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Vol. LXVI, No. 25
December 5, 2014
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Artist, ‘Father of Neuroscience’
Nobelist Cajal’s Drawings Now on Exhibit at NIH

On the front page...

Shown Nov. 7 cutting the ribbon on the new exhibit are (from l) NINDS acting director Dr. Walter Koroshetz, Dr. Ricardo Martinez-Murillo, vice director of Spain’s Cajal Institute, which loaned the art to NIH, and NINDS senior investigator Dr. Jeffrey Diamond.
Shown Nov. 7 cutting the ribbon on the new exhibit are (from l) NINDS acting director Dr. Walter Koroshetz, Dr. Ricardo Martinez-Murillo, vice director of Spain’s Cajal Institute, which loaned the art to NIH, and NINDS senior investigator Dr. Jeffrey Diamond.
Since their once-in-a-lifetime trip to view the collected works of Spanish scientist-artist Santiago Ramon y Cajal, NIH senior investigator Dr. Jeffrey Diamond and former NIH artist-in-residence Rebecca Kamen have been anxious to share some of Cajal’s original art with a larger audience. Their diligence paid off recently when 7 drawings by the Father of Modern Neuroscience traveled to the United States to be exhibited in the Porter Neuroscience Research Center.

“Everyone—at least everyone involved in science—knows that science is a creative process,” explained Diamond, an art aficionado who, as a neuroscientist in NINDS’s synaptic physiology section, studies the retina.

“These drawings by Cajal, who was an artist, anatomist and is considered the father of modern neuroscience, will be inspiring to the scientists who work here. There’s a huge educational component to this.”

Continued...

In March 2012, Diamond—a longtime Cajal enthusiast—was invited to Madrid to give a scientific lecture at the Cajal Institute (CI), the oldest neurobiology research center in Spain. At NIH on a fellowship around the same time, Kamen was also offered an opportunity to visit CI—home to a vault archiving Cajal’s research, drawings, paintings, scientific files and papers.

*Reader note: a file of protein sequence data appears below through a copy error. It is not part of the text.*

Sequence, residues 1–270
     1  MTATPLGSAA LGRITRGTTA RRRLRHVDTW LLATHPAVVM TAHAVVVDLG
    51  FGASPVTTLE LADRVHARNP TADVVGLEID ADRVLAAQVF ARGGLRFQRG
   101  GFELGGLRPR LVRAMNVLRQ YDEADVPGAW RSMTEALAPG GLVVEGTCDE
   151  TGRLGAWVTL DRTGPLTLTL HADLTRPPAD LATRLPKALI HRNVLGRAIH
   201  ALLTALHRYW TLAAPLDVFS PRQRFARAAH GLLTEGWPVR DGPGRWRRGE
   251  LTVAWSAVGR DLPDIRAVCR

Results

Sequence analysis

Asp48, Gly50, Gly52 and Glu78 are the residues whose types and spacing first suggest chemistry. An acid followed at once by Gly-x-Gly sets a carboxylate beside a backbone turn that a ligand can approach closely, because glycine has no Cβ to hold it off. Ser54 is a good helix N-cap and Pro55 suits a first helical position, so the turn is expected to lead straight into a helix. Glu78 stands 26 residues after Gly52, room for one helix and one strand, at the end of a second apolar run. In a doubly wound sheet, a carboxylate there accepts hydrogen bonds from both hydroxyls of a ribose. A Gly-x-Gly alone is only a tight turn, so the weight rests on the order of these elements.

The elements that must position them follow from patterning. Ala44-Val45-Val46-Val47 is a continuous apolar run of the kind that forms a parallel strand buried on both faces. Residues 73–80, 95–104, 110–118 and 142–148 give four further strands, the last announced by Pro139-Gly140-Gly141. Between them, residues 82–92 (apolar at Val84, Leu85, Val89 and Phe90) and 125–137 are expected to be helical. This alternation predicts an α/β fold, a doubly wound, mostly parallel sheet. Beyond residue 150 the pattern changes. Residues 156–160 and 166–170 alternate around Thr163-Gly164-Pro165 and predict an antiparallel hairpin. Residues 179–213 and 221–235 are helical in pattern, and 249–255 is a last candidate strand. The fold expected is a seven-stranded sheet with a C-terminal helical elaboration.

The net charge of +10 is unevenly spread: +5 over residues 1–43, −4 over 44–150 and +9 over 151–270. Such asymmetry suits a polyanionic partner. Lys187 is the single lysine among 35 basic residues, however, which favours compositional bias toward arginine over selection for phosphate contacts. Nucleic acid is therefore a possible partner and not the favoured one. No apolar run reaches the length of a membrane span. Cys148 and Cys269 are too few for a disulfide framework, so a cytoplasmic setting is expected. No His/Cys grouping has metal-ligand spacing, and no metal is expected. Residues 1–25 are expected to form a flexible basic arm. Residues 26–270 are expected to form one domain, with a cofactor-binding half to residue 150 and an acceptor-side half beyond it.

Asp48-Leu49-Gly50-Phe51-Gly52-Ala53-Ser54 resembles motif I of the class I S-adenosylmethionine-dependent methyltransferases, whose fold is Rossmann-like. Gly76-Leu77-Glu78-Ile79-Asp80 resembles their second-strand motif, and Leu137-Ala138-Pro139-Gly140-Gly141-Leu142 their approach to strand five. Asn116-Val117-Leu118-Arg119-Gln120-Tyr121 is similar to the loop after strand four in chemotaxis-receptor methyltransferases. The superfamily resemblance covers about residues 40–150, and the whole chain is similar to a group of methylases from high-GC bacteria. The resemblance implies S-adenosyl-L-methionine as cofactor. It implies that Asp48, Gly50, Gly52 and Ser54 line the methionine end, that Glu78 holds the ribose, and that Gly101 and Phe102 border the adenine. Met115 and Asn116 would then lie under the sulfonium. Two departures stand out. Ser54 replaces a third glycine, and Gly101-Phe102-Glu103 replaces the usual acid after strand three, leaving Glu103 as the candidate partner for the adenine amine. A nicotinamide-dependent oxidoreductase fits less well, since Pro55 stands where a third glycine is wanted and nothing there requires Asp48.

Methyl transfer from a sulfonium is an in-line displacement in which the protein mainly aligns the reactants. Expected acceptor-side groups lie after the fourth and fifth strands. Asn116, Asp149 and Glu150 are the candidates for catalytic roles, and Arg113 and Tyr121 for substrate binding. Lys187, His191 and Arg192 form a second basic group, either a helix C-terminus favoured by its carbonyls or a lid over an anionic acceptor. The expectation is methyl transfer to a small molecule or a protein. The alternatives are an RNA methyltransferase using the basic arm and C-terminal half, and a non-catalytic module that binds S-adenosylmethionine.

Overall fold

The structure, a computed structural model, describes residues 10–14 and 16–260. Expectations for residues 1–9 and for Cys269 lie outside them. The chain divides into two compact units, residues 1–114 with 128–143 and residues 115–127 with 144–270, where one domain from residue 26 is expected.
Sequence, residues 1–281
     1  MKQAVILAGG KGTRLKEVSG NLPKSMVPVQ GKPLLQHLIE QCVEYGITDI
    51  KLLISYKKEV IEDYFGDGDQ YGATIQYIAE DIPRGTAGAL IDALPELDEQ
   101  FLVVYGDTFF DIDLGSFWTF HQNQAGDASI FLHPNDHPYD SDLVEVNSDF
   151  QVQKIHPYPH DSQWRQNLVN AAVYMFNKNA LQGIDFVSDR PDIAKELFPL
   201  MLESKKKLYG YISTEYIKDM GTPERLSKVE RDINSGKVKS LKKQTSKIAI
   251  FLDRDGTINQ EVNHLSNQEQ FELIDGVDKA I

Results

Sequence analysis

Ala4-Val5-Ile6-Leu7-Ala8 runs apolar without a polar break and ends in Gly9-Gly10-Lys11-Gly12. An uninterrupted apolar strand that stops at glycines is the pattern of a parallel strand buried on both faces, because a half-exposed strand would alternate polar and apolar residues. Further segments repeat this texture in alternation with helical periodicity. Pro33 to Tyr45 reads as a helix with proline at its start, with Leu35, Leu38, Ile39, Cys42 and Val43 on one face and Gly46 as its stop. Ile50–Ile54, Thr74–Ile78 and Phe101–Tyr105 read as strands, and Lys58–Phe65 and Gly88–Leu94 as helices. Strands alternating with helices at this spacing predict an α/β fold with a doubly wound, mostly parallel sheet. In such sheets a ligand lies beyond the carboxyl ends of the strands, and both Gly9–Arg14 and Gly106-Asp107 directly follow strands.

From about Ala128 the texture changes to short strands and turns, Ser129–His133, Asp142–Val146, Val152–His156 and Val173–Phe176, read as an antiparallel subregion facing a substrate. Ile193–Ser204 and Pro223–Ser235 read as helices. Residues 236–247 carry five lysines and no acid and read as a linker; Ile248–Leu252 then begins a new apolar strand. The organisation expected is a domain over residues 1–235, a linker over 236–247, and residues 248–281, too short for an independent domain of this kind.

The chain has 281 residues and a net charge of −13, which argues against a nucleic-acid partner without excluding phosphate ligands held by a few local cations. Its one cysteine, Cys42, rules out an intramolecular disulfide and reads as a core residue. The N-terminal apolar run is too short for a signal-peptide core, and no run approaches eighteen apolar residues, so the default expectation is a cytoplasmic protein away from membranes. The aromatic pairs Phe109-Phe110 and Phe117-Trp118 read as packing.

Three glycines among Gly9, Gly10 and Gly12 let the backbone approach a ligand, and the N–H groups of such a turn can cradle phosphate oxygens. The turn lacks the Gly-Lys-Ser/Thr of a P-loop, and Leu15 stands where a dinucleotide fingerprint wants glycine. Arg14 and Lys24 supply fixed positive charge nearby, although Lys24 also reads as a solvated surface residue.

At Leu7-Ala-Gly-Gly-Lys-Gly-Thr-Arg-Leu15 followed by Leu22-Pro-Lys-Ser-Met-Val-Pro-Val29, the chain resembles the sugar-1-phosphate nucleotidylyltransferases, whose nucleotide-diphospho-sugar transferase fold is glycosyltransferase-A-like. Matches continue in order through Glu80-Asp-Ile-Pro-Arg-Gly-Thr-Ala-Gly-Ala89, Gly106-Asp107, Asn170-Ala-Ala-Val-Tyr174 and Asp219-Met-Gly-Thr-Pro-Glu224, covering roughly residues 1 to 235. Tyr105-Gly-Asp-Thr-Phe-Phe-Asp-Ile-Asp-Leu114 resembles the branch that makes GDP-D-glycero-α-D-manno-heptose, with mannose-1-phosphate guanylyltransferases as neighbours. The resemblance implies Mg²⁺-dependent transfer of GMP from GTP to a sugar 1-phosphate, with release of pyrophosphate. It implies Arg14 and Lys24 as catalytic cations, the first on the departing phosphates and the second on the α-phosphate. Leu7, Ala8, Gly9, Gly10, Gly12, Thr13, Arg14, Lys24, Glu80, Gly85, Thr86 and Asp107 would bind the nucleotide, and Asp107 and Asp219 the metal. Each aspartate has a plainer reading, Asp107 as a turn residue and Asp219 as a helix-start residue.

In one of his most famous drawings, currently on display at NIH, Santiago Ramon y Cajal sketched a comparison of competing ideas about the composition of the nervous system. a visitor takes in the new exhibit as Diamond gives remarks at the opening. A Cajal micrograph image forms the gallery’s floor.

In one of his most famous drawings, currently on display at NIH, Santiago Ramon y Cajal sketched a comparison of competing ideas about the composition of the nervous system. In the late 19th century, many scientists, including the great Italian neuroanatomist Camillo Golgi, contended that the nervous systerm was a continuous mesh, or reticulum (designated “I,” at left in the drawing above). Cajal’s observations led him to postulate that the nervous system contained discrete cells contacting each other at precise points later termed synapses (“II,” right column). Cajal used a staining technique developed by Golgi to prove his rival wrong. They later shared the 1906 Nobel prize.

At right, a visitor takes in the new exhibit as Diamond gives remarks at the opening. A Cajal micrograph image forms the gallery’s floor.

“My interest—the retina of the eye—was one of his favorite topics,” Diamond said. “The connection was immediate.”

Sculptor Rebecca Kamen stands beside “Butterflies of the Soul,” which she says “interprets the development of modern neuroscience” and was inspired by a quotation from Cajal.

Sculptor Rebecca Kamen stands beside “Butterflies of the Soul,” which she says “interprets the development of modern neuroscience” and was inspired by a quotation from Cajal.

Exhibit Photos: Bill Branson

On the floor beneath the drawings, visitors will encounter photographic “tiles” that reproduce details of tissue slides that Cajal prepared. The neuron cell structures appear exactly as Cajal viewed them.